US Healthcare Costs Grew 5.28% in 2011

Healthcare costs easily outpaced the 3% growth in overall inflation as measured by the Consumer Price Index for 2011, according to Bureau of Labor Statistics data. One healthcare economist says costs are "trending back toward acceleration after a lull."

1 comments on "US Healthcare Costs Grew 5.28% in 2011"
Jackie Larson - Avantas (2/22/2012 at 12:21 PM)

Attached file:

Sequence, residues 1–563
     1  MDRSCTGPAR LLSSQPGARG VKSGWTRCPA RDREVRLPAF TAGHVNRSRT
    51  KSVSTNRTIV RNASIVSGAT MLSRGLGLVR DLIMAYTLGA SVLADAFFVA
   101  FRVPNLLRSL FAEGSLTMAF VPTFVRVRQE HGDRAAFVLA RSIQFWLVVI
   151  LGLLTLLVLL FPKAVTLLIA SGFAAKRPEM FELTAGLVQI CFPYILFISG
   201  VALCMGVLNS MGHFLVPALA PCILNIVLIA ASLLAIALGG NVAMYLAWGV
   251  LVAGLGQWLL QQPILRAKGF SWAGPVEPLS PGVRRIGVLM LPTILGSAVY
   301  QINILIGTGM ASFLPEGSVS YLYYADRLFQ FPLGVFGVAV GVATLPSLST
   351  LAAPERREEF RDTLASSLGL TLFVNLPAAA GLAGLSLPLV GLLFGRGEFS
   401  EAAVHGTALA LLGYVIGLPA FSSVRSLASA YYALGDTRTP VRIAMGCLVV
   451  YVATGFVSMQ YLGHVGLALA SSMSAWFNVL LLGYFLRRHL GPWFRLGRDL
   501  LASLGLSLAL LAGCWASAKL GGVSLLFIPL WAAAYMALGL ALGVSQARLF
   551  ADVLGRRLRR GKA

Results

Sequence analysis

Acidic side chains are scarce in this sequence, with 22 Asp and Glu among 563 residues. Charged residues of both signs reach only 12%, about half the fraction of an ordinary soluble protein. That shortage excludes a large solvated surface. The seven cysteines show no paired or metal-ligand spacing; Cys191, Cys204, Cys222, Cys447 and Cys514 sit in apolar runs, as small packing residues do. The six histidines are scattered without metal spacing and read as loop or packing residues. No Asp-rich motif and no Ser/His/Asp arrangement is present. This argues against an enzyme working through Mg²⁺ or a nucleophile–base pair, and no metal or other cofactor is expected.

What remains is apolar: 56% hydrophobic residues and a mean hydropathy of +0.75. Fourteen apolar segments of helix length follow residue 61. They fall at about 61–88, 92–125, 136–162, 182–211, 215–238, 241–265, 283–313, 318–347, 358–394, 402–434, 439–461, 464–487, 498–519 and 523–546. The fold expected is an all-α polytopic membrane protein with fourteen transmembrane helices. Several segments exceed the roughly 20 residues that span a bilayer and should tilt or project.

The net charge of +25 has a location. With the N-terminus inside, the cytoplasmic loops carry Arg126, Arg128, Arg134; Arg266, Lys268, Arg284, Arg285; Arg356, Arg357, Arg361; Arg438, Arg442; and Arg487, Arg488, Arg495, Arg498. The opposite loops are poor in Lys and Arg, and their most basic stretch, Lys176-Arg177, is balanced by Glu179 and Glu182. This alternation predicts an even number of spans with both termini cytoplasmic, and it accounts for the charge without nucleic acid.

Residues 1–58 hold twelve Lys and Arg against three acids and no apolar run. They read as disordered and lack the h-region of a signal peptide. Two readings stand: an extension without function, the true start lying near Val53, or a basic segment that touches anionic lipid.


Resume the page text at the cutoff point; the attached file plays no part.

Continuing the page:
A lot of interesting facts and figures presented here. What is not mentioned however are the causes behind the rising costs: Labor. According to the AHA's 2011 Cost of Caring report, "the majority of spending on hospital services goes to caregivers and other hospital workers, and these costs are rising." William Bertschinger, divisional chairman of finance at the Mayo Clinic, at a speech given in January, 2010, at the Symposium on Payment Solutions for Healthcare Providers and Payers in Las Vegas noted that labor accounts for 70 percent of healthcare costs passed along to consumers. Without question, the area that can have the single greatest impact on the rising costs of healthcare is labor. We find that most hospitals can experience labor savings of 3-6% and often greater by implementing some very basic workforce management methodologies and practices. On this scale, the possible savings per hospital is incredibly substantial. On the unit level, this amounts to roughly $100K per unit, per year.


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